However, Johnson says, it’s the students who truly deserve the applause for meeting and exceeding the demanding standards of the edTPA.

“Because the edTPA is a performance-based assessment, our candidates are being asked to demonstrate more than what they have learned in their teacher-training programs,” Johnson says. “They are being asked to demonstrate an understanding of teaching and learning within their own context of the student-teaching experience.”

Thanks to the edTPA, she adds, prospective employers know that NIU graduates “are prepared to be contributing members of academic teams.”

Meanwhile, she says, passage boosts morale and confidence: “I believe the successful completion of the edTPA reinforces for our candidates that they are ready.”

Wlodek is ready.

Raised in Streamwood, she is breaking new ground in her family by becoming a teacher. She is also fulfilling a longtime ambition that matches her personality: Even at family gatherings, she says, she spends more time playing with children than socializing with other adults.

wlodek-1

Wlodek teaches a math lesson to Huntley fifth-graders.

“I have such a caring heart, and I think kids are just amazing. They don’t get enough credit for what they can do, and they can do so much,” she says. “Ideally, I’d like to teach third- through fifth-grade. I really like those ages. They’re fun, and they come in at the beginning of the school year shy. I like seeing them grow as individuals, not just academically but personally.”

Juggling her edTPA submission with her student-teaching and her part-time job proved challenging and time-consuming, she says, but the May graduate believes that her hard work was worthwhile.

“Children will benefit from teachers who have gone through the edTPA,” Wlodek says. “Teachers are taking more time, really looking into the students’ strengths and weaknesses, and when teachers are doing that deeper analysis, children are getting that much more individualized attention.”

She also has advice for current College of Education students following her footsteps.

“Listen to the NIU professors when they say, ‘Try to get ahead,’ ” she says, “and form strong, genuine bonds with your students; it makes for a strong will to learn.”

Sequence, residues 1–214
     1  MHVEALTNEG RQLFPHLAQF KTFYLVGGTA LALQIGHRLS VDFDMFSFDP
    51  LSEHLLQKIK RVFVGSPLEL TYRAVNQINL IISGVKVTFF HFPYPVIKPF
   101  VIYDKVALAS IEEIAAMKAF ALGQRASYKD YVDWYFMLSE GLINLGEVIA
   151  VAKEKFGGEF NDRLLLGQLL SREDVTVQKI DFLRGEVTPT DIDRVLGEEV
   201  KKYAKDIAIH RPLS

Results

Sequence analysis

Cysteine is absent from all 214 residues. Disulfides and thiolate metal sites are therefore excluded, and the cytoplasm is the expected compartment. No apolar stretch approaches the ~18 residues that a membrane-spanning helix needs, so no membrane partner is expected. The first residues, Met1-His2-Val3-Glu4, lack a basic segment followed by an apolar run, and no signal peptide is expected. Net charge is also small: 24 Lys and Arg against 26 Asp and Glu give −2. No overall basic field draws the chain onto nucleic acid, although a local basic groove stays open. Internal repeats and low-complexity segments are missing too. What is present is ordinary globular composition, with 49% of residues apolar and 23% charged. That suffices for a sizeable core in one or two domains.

Social Justice Summer Camp offers educators ideas to reach students in ‘a different way’

sjsc-5Long lines in the lunchroom. Climbing the gymnasium rope. Nagging parents. The quadratic formula.

Anxieties like these are the stuff of high school.

For LGBTQ teens, though, they take a backseat to the issues of sexual orientation.

Changing clothes not in a locker room but in a nurse’s office on the other side of the building, a welcome accommodation that also comes with isolation. Never knowing whom to trust with their feelings. Bullying not just from classmates but also from fathers who threaten disownment and siblings who heartlessly mock them and their friends.

Such overwhelming concerns can impede learning; require understanding and sensitivity from teachers, most of whom probably can’t relate. Students from diverse ethnic and racial populations, also confronted by generations of oppression, equally yearn for that kind of support. Again, it’s often in vain.

But K-12 teachers and other educators from DeKalb and Elgin who attended June’s inaugural Social Justice Summer Camp at the NIU College of Education will return to their classrooms and schools this fall with eyes wide open to students from diverse and historically marginalized backgrounds.

That progress starts with the recognition that educational disparities exist although they likely are invisible to those not impacted.

sjsc-3

Campers talk after a LGBTQ panel discussion.